Huge rise in electric car ownership in Sussex but charging point infrastructure still ‘patchy’, investigation reveals

A huge rise in electric car ownership in Sussex has failed to spark a widespread network of charging points across the county, an investigation has revealed.

Friday, 5th April 2019, 10:54 am
Updated Monday, 8th April 2019, 5:27 pm
Electric vehicles are rising in popularity

More than 3,000 electric or plug-in hybrid vehicles were registered in Sussex by the third quarter of last year – up 3,945 per cent since the end of 2011.

But according to BBC Local News Partnerships research, all but two of the county’s local authorities rank below average when it comes to the ratio of charging points to electric vehicles.

The ‘patchy’ availability of charging points is replicated nationwide, according to RAC head of roads policy Nicholas Lyes.

He said: “These findings show that despite the Government’s ambitions to accelerate the take-up of cleaner vehicles, charging infrastructure is presently something of a postcode lottery, and patchy at best in some parts of the country.”

“RAC research has found the lack of charging infrastructure is one of the three main barriers for electric vehicle take-up, along with range anxiety and high upfront vehicle costs.”

At the end of 2011, there were just 80 registered electric vehicles in Sussex – and Adur had none, according to the BBC.

By the third quarter of 2018, 3,236 vehicles were registered, with Adur still having the fewest at 87 and the most being in Wealden, which had 447.

The biggest percentage increase came in the Arun district, where registrations rose by 11,200 per cent from two to 226.

Despite Arun’s increase, according to the BBC it ranked in the bottom 20 per cent of locations for its rate of charging locations per 1,000 registrations.

Likewise Wealden was also in the bottom fifth.

At the other end of the scale, Eastbourne and Crawley were ranked by the BBC in the top 20 percent.

But the rest of Sussex’s local authority areas were rated as below average.

Bridget Fox, of the Campaign for Better Transport, said: “We need a nationwide fast charging network on motorways and A roads managed by Highways England and in rural areas Government support should help to provide a charging point for every community.

“There is more being done in towns and cities, but there are practical challenges in providing a public charging network without encroaching on pavements or competing for kerb space with bikes and buses.

The BBC also calculated the mean average distances to a charging point, conducting 49 million calculations to build up a nationwide picture.

Crawley and Eastbourne again ranked among the best in the county, joining Worthing and Brighton and Hove with an average distance of less than one kilometre.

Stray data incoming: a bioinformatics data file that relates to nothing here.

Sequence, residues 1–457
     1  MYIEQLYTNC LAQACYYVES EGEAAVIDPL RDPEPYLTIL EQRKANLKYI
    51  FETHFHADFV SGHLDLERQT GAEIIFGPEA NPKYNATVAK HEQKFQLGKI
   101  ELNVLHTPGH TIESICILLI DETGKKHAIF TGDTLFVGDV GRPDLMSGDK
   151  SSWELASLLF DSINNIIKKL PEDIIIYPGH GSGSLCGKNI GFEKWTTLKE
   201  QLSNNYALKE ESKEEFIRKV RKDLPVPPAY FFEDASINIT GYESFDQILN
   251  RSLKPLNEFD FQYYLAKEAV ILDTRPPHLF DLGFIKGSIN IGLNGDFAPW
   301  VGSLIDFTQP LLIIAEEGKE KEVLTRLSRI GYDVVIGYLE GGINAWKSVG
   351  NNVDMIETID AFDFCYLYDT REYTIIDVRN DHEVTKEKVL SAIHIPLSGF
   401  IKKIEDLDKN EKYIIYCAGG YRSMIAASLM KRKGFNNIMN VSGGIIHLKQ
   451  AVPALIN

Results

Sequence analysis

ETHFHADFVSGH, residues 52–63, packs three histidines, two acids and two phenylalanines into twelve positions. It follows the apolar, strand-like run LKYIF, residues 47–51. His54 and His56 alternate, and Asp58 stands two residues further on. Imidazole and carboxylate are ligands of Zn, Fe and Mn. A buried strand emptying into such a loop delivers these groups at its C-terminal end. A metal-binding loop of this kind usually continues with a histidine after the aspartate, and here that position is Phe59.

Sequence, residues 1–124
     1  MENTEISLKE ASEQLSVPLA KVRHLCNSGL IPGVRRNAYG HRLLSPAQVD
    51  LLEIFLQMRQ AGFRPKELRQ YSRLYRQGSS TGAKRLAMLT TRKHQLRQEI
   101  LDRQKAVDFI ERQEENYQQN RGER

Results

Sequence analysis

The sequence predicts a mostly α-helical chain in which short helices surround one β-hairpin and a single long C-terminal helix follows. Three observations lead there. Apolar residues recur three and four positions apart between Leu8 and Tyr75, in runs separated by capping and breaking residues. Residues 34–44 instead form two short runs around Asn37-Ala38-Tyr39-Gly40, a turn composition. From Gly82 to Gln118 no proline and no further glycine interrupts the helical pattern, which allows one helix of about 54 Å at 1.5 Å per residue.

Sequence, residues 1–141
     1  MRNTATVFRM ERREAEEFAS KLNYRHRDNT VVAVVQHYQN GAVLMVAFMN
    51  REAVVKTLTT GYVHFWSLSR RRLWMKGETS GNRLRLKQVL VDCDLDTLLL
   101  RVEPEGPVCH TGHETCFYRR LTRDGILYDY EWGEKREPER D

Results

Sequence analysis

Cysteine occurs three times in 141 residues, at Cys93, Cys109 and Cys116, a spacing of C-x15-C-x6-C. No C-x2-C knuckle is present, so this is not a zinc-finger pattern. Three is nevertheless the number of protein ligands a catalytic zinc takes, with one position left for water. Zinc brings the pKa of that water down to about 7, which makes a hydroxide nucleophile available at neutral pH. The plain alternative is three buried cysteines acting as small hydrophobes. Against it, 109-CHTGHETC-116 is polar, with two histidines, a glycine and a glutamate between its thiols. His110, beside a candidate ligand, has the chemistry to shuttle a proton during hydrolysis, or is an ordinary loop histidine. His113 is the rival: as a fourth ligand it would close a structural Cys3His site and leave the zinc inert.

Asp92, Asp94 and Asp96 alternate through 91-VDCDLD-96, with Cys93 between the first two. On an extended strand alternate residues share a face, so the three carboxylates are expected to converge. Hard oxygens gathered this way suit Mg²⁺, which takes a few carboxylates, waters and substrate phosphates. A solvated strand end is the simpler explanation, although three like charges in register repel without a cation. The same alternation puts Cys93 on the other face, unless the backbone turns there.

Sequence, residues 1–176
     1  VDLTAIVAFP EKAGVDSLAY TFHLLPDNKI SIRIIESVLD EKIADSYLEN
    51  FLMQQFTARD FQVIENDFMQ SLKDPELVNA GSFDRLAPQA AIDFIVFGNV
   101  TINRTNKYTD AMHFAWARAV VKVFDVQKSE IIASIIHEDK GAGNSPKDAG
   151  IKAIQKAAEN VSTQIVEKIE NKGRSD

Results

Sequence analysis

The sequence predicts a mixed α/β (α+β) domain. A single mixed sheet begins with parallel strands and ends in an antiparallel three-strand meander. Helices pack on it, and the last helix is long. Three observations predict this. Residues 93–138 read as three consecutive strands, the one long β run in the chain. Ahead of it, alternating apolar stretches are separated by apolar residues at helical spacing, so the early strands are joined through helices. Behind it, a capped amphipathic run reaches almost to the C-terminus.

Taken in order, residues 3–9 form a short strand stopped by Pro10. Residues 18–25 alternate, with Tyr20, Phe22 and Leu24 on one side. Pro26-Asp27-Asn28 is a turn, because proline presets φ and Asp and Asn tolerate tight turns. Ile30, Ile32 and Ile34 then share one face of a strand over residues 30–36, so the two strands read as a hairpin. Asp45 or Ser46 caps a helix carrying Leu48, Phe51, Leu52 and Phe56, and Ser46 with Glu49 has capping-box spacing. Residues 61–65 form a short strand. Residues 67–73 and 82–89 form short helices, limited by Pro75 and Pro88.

Brighton and Hove was one of just 28 authorities across the country to have taken advantage of the Government’s £2.5million On-street Residential Chargepoint Scheme, which aimed to help drivers to charge their vehicle.

Rother and Arun scored lowest in the BBC’s distance tables, with mean average drives of 4.5 and 4.05-kilometre journeys respectively.

Wealden was third-bottom in Sussex at 3.98 kilometres.

Ms Fox said councils could help by requiring off-street charging points as part of planning applications and by prioritising electric vehicles in car parks.

Arun District Council officers produced a study alongside its new local plan, setting out guidelines for new developments.

In January, 2018, Arun adopted its Vehicle Infrastructure Study. Minutes from full council read: “It was felt to be vital for the council to be ready to deal with the need to be able to accommodate the future expansion of electric vehicles and the need to provide adequate charging points throughout the district.

“It was hoped that the council could address, at a future council meeting, consideration to enhancing the number of rapid charges points on its own land.”

The availability of charging points in Wealden was raised with the district council in an FOI as early as two years ago, the response to which was posted on its website.

The council said: “WDC actively encourages the take up of electric vehicles and has previously been successful in bidding for funds for the installation of rapid chargers and a standard charger in the district.

“The council regularly reviews central government initiatives to improve EV (electric vehicle) infrastructure and where appropriate will consider further projects.”

Data on charging points used to compile the results of the BBC’s investigation came from Open Charge Map. There is currently no definitive government resource mapping out charging locations.

The Government has stated 80 per cent of charging takes place at home.